The second part is getting basic abdominal activation with a posterior pelvic tilt movement.

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posterior pelvic tilt

From your supine starting position (on your back), maintain that transverse abdominis activation from Step 1, then pull up with a trunk curl to get more abdominal contraction.

Roll your hips up and off the floor as you pull your belly button down toward the ground. Notice the space between my butt and the floor at the same time my stomach presses my lower back hard against the floor.

This step doesn’t require you to raise your shoulders like you would with crunches.

Now here comes the most important part where your shoulders will move a little.


Don’t let go of Steps 1 and 2. With your mid-section flattened and pelvis tilted up, rotate your upper body toward the side of the V-cut ab line you want to contract.

To work the left side of your V, rotate your right side diagonally and downward toward your right knee at roughly a 45-degree angle, and vice versa for the right.

Your shoulders will come off the floor at this point. It’s somewhat similar to knee-to-elbow sit ups but not quite. This is where you move your shoulders, but not both at the same time.

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tilt and rotate abs

This contralateral movement is going to contract the internal oblique on the side you’re rotating toward.

If you can get contraction through the internal obliques, the force will transmit through the aponeurosis, and activate the muscle tissue that creates that V-cut ab line you’re trying to develop.

Include this neuromuscular contraction drill one side at a time along with your ab workout–which I suggest you do at least 3 to 5 times per week. If you’re on an ATHLEAN-X plan, you should train these daily, along with your other ab and core exercises (crunches, etc.)

Do 2 or 3 sets of 10 quality contractions, holding each contraction 6 to 7 seconds.

If you do this 3-step neuromuscular contraction drill using strict form and get disciplined about your nutrition, your V-cut line will become much more prominent.

Getting disciplined about your nutrition means you have to adopt a consistent, healthy diet that includes the right proportions of lean protein, fibrous and starchy carbs, and that avoids sugary and fatty foods. It’s possible to get your lean protein from plants, if you lean toward being vegetarian or vegan.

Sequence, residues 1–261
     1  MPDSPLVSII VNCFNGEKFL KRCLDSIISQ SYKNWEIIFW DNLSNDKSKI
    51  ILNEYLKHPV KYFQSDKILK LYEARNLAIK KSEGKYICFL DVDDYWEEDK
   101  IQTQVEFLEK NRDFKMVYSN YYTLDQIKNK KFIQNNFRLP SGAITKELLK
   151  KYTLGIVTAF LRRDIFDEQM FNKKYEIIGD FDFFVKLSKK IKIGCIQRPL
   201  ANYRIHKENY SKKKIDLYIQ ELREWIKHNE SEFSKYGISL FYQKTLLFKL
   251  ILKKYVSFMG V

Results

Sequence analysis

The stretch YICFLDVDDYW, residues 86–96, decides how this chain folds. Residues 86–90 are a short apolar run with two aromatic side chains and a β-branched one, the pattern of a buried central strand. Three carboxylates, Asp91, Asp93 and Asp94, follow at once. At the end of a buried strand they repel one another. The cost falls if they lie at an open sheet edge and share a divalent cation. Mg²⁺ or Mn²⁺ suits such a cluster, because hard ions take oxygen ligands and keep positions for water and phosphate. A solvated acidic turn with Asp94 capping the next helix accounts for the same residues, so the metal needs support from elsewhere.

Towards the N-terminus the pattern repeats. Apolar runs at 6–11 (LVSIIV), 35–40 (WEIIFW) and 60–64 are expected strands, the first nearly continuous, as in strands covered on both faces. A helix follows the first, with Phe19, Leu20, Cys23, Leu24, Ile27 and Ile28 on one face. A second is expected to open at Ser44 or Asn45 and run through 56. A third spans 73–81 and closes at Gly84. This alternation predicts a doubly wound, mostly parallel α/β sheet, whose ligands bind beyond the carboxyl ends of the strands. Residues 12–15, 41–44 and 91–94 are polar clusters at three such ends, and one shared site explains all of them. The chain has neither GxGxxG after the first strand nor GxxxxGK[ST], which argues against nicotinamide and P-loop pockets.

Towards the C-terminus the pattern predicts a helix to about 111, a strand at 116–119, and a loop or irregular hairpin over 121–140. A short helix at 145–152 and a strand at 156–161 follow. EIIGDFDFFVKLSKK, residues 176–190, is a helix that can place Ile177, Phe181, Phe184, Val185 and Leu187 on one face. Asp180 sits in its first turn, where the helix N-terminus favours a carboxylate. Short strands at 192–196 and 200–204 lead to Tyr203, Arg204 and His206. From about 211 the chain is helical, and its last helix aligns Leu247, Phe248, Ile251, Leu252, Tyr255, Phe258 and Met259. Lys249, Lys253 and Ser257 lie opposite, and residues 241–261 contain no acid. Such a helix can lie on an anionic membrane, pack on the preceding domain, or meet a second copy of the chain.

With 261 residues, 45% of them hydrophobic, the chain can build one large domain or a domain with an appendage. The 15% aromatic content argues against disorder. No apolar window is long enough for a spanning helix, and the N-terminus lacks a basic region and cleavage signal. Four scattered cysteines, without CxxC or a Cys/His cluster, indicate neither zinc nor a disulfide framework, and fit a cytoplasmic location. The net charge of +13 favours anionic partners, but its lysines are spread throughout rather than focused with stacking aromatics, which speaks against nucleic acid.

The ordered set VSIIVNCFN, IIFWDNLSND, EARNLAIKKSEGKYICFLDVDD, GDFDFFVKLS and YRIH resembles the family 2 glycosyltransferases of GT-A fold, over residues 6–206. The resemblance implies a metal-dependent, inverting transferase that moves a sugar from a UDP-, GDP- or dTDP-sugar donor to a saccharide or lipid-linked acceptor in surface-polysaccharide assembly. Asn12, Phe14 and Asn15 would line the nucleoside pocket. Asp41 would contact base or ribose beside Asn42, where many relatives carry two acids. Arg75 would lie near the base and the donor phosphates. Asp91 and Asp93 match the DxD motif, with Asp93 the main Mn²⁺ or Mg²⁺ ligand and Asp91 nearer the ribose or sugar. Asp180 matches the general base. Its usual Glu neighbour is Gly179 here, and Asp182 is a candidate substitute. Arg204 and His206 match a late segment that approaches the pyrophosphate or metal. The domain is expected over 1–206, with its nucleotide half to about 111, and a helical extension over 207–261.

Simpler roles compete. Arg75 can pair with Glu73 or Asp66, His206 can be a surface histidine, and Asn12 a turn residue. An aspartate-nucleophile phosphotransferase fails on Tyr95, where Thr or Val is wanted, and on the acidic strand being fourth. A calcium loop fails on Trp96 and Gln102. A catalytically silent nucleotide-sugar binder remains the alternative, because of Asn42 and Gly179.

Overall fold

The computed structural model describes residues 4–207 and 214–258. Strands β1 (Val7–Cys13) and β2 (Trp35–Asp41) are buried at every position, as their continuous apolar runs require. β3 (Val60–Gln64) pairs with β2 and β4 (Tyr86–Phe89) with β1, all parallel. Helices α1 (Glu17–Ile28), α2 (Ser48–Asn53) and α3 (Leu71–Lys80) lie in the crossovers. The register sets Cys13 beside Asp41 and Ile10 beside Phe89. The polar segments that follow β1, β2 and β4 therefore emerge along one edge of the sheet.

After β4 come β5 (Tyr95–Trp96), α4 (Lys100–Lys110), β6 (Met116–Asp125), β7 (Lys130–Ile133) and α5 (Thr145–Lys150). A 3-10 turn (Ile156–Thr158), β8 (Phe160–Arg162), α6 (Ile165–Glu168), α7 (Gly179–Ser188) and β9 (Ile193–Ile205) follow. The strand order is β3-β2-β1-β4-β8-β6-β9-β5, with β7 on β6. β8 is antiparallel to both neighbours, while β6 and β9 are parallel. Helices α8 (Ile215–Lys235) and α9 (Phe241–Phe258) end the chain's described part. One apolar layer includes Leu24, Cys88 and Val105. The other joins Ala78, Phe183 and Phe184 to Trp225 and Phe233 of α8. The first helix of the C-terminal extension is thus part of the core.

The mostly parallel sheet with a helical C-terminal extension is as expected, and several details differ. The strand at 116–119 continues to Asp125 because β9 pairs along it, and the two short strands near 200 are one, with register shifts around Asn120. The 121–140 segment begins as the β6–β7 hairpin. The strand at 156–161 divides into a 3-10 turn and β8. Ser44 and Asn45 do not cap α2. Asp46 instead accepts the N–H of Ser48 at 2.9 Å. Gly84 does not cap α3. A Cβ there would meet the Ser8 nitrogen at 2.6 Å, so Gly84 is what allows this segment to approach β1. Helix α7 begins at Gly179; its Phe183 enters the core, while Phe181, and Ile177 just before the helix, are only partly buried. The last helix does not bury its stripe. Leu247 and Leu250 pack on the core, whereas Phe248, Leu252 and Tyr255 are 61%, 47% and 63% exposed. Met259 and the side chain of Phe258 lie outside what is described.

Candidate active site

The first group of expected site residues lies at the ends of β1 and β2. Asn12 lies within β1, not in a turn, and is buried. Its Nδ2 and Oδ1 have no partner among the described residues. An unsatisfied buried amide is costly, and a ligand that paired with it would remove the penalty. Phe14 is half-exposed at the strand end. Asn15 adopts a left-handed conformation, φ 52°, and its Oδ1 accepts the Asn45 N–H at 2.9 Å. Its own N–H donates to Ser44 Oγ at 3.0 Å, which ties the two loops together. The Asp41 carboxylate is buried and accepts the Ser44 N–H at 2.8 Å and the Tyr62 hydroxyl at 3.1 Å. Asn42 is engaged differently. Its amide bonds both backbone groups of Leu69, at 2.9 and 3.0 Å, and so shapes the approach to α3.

For the best training programs and meal plans that help you build muscle while losing body fat, check out all our ATHLEAN-X programs to see which one best fits your goals.


  1. It’s possible for anyone to develop that famous V-cut abs line without crazy diets or thousands of crunches.
  2. The V-cut ab line is created by the junction of the internal obliques and external obliques with their fibrous attachment to the pelvis, the aponeurosis.
  3. A 3-step neuromuscular contraction drill develops that attachment. Losing superficial body fat is crucial to making the area visible once it’s developed. It can be well-developed and still be hidden from sight by fat. This is one of my favorite moves to develop a V-cut midsection.
  4. Step 1 of the contraction drill is flattening the stomach area. Lie supine on the floor and draw your belly button strongly downward toward the floor. If you’re already lean, you’ll see the V-cut line pop.
  5. Perform a posterior pelvic tilt for Step 2, while keeping the belly tight from Step 1.
  6. The most important step is Step 3. Without letting go of Steps 1 and 2, rotate contralaterally diagonally toward the opposite side, following the fibers.
  7. Hold each contraction for 6 or 7 seconds. Do 2 or 3 sets of 10 of this 3-step contraction drill anytime you train abs.
  8. Add this to your regular abdominal workout routine 3 to 5 times per week.
  9. Eating a healthy diet consistently is also necessary to make these muscles visible.

Watch the YouTube version of this article
Jeff Cavaliere Headshot

Jeff Cavaliere M.S.P.T, CSCS

Jeff Cavaliere is a Physical Therapist, Strength Coach and creator of the ATHLEAN-X Training Programs and ATHLEAN-Rx Supplements. He has a Masters in Physical Therapy (MSPT) and has worked as Head Physical Therapist for the New York Mets, as well as training many elite professional athletes in Major League Baseball, NFL, MMA and professional wrestling. His programs produce “next level” achievements in muscle size, strength and performance for professional athletes and anyone looking to build a muscular athletic physique.

Read more about Jeff Cavaliere by clicking here